County officials closed all county parks and Kenoi urged people to stay inside and off increasingly dangerous roads.
"I’m most concerned about the perfect storm creating a (dangerous) situation," Kenoi said.
Winds up to 50 mph forced the closure of Waiaku bridge in Kohala along with the entire 20-mile stretch of Highway 250, known as the Kohala Mountain Road. Among multiple reports of fallen trees, two trees fell across Highway 132 in Puna between Nanawale Boulevard and Lava Tree Park.
Downed trees also temporarily blocked Route 11 from Keaau to the Volcano Highway near mile marker 19. Umauma Bridge along the Hamakua Coast remains under construction and was closed Thursday as a precaution.
As of 9:10 p.m. Thursday, Hawai‘i Electric Light officials had reported 18,200 people were without power in lower and upper Puna, the Kohala mountain area to Volcano, Waiakea Uka and downtown Hilo.
Hawaiian Airlines canceled its Thursday evening interisland flights to and from Hilo, Kona and Maui.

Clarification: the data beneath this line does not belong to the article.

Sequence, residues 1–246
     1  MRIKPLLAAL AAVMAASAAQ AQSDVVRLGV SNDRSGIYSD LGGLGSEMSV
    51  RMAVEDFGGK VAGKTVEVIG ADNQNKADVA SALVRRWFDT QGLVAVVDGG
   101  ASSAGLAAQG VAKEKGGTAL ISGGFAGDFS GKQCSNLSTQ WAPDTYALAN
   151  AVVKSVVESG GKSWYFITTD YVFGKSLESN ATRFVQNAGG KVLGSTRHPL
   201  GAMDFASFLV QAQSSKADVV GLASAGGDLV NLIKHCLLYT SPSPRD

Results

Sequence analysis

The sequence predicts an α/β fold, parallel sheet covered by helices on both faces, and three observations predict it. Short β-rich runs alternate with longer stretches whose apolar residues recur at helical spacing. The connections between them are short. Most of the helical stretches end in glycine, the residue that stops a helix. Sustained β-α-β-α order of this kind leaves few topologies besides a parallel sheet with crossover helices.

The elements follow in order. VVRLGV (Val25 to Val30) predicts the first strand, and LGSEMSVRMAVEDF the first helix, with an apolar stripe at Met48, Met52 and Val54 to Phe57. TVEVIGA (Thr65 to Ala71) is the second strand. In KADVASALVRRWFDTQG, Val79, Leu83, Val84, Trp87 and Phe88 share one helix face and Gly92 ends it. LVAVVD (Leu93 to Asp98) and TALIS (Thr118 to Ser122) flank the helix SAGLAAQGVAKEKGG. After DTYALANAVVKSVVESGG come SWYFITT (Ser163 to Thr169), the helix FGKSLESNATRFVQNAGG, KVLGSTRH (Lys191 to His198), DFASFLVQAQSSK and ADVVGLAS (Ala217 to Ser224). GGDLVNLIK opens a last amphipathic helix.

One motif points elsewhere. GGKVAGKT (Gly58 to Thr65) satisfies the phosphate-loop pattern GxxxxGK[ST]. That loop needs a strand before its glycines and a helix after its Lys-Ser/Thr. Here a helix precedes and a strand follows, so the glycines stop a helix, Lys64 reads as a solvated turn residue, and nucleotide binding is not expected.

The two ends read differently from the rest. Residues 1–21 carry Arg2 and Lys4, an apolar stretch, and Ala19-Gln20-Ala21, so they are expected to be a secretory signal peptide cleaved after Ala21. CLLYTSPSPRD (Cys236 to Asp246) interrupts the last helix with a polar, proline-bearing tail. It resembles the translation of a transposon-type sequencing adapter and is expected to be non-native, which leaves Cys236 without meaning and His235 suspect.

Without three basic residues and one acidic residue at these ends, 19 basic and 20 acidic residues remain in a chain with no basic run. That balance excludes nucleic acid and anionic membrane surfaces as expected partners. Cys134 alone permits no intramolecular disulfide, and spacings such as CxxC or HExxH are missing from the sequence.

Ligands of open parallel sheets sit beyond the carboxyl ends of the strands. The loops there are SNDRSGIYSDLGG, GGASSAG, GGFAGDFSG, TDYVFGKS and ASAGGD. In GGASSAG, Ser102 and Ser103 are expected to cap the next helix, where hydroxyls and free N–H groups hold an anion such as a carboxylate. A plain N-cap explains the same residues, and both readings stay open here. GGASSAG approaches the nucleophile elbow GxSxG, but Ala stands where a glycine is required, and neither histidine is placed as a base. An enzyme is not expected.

Kenneth Ota and his sister, Violet Naruyoshi, lost their grandmother, Wakino Ota, and sister, Lynne Ota, in the 1960 tsunami that devastated Hilo.
So they headed to the Waiakea High School evacuation center in Hilo on Thursday with the family’s 21-pound cat, Miki; Ota’s wife, Hiromi; and Kenneth and Hiromi’s son, Brian, who carried two bags containing food, toilet paper and other necessities.
It was only the second time that a natural disaster led the Otas to evacuate, following last year’s threat from Hurricane Flossie.
"I lost my grandmother and sister in 1960," Kenneth Ota said while waiting to be assigned to a communal room at the high school. "Now I’m worried about my house."